Big Ideas: “We can try to ‘solve’ the problem of mental health through exercise, fitness, and movement” with Catherine Chan

As a part of my series about “Big Ideas That Might Change The World In The Next Few Years” I had the pleasure of interviewing Catherine Chan. Catherine is a graduate of The University of Western Ontario Master of Arts program, spent a few years in marketing before becoming a sales manager and training manager […]

As a part of my series about “Big Ideas That Might Change The World In The Next Few Years” I had the pleasure of interviewing Catherine Chan. Catherine is a graduate of The University of Western Ontario Master of Arts program, spent a few years in marketing before becoming a sales manager and training manager in two very different but large corporations. 
Stemming from a desire to try a new yoga class, and frustrated by how long it took to find the right class in the right place at the right time, she was inspired to found FitIn — a platform designed to help the average person find and be inspired by the amazing number of fitness experiences available out there.
As a mental health advocate, Catherine works to educate, inspire and connect people by helping them improve their brain health through physical exercise, fitness, and movement.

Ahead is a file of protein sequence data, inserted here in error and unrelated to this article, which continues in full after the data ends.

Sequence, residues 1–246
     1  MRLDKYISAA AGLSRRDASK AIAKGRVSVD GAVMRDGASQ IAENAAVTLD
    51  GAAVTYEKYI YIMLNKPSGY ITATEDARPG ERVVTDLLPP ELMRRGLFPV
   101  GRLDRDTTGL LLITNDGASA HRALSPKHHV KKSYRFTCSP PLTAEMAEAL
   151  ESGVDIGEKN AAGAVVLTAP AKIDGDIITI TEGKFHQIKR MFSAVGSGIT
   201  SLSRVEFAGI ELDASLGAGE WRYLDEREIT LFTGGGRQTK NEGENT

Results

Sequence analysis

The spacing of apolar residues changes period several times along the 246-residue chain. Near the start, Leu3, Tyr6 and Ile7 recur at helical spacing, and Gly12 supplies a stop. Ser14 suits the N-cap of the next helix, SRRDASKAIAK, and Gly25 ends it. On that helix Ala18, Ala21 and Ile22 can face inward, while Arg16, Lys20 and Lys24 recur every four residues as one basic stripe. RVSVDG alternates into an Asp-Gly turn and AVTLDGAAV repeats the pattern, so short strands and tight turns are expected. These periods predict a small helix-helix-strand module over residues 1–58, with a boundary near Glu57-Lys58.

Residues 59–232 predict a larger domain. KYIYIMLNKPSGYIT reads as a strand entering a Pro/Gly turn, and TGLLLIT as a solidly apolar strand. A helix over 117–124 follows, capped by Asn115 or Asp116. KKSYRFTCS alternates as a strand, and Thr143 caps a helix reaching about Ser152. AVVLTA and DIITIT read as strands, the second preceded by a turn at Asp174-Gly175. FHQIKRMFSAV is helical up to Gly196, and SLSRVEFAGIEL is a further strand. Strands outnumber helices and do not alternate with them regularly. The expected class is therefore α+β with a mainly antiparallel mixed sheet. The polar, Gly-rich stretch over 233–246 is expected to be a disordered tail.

Thank you so much for joining us! Can you tell us a story about what brought you to this specific career path?

A few years back I decided to reestablish my health and set myself the goal of running my first marathon for my 40th birthday. To prep for that, I took up Kung Fu and kettlebell and fell in love with moving. It helped my mental health in ways that no meds did, and I felt that exercise was the PERFECT complement to talk therapy; although my doctor had recommended fitness for my depression and anxiety, I hadn’t understood the value until that point.

A year after that, I tore my meniscus during a morning run, and everything changed. I couldn’t do my favorite things anymore and tried finding other fitness classes to replace running with. It took me SO LONG to find a yoga class in the right place at the right time that I almost threw my hands in the air in frustration…why was there no Trip Advisor for fitness!?

My daughter always wants to try new things, so I had to also go through the same process for her a couple of weeks later for Wushu, then gymnastics, then soccer… and I have to say; no working mom has time for that. I had to bounce from Google to Yelp to Facebook to dozen + websites, and I still wasn’t finding all the information I needed.

Shortly after that, I was laid off from my job, decided to take a cue from my curiosity, and I started researching the idea. A year after that, I decided it was time to commit, so I incorporated, found a developer, and started building my platform.